Dawn Maestas runs a tattoo-removal business in Albuquerque, N.M., and her clients include women who want the names of abusive partners removed.
Some of them have been tattooed forcibly, like the 22-year-old client who visited StoryCorps with Maestas.
"I was with a guy for five years. He was much older. He was really abusive toward me. After a while when I tried to finally end it, he kidnapped me, held me hostage and tattooed his name all over my body against my will," says the woman, who did not want to be named.
A large new government study should reassure parents who are afraid that kids are getting autism because they receive too many vaccines too early in life.
The study, by researchers at the Center for Disease Control and Prevention, found no connection between the number of vaccines a child received and his or her risk of autism spectrum disorder. It also found that even though kids are getting more vaccines these days, those vaccines contain many fewer of the substances that provoke an immune response.
Halfway between the New Jersey Turnpike and the Atlantic City casinos is a little slice of France: Amalthea Cellars. There's an old farmhouse, and a field full of grapevines.
Lou Caracciolo, who founded Amalthea, is walking through the field. "Here's something I put in the ground in 1976," he says. "You have to have a feel for it, and after 30 years I have a pretty good feel for it."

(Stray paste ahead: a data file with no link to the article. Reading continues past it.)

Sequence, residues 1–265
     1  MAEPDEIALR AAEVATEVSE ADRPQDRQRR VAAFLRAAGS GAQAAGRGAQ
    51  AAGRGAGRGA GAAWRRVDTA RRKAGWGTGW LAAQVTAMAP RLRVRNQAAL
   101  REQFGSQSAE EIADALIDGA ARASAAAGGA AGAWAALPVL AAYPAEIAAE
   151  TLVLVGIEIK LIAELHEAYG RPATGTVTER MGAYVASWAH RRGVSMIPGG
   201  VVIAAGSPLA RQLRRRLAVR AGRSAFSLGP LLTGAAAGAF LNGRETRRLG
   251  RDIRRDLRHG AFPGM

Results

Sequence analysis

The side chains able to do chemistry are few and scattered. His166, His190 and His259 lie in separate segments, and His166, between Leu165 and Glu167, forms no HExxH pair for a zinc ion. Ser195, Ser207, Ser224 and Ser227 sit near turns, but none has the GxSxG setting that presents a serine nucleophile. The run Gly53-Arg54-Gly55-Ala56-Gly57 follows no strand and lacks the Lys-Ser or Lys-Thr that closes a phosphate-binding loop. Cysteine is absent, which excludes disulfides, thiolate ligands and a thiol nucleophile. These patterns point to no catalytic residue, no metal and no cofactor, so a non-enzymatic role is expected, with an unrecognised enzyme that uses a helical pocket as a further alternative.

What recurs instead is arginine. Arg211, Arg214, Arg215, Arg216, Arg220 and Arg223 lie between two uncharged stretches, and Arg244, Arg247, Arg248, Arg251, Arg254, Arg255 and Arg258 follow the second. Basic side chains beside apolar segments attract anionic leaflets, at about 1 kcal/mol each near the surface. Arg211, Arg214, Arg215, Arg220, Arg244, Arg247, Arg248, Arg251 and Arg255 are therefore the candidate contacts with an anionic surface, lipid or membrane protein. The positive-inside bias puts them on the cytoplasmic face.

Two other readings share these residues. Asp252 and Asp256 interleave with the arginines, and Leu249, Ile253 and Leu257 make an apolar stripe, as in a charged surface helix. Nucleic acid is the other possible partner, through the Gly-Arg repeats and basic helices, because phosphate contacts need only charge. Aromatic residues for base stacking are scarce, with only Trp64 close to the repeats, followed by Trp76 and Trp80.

Caracciolo calls himself a hopeless romantic. And, really, you have to be a romantic to try to make a $33 bottle of cabernet sauvignon blend in New Jersey.
While many people enjoy sweet treats — like these chocolate bunnies — the price of a key ingredient has some people bitter. A government subsidy program is criticized for keeping sugar prices too high. But as prices fall, the government may buy sugar to help processors.
While you indulge in some Easter Peeps and chocolates this weekend, you might want to think about all that sugar. No, this isn't a calorie warning. In the U.S., raw sugar can cost twice the world average.
Critics say U.S. sugar policy artificially inflates sugar prices to benefit an exclusive group of processors — even though it leads to higher food prices. But this year, prices fell anyway. Now, the government could be poised to use taxpayer dollars to buy up the excess sugar.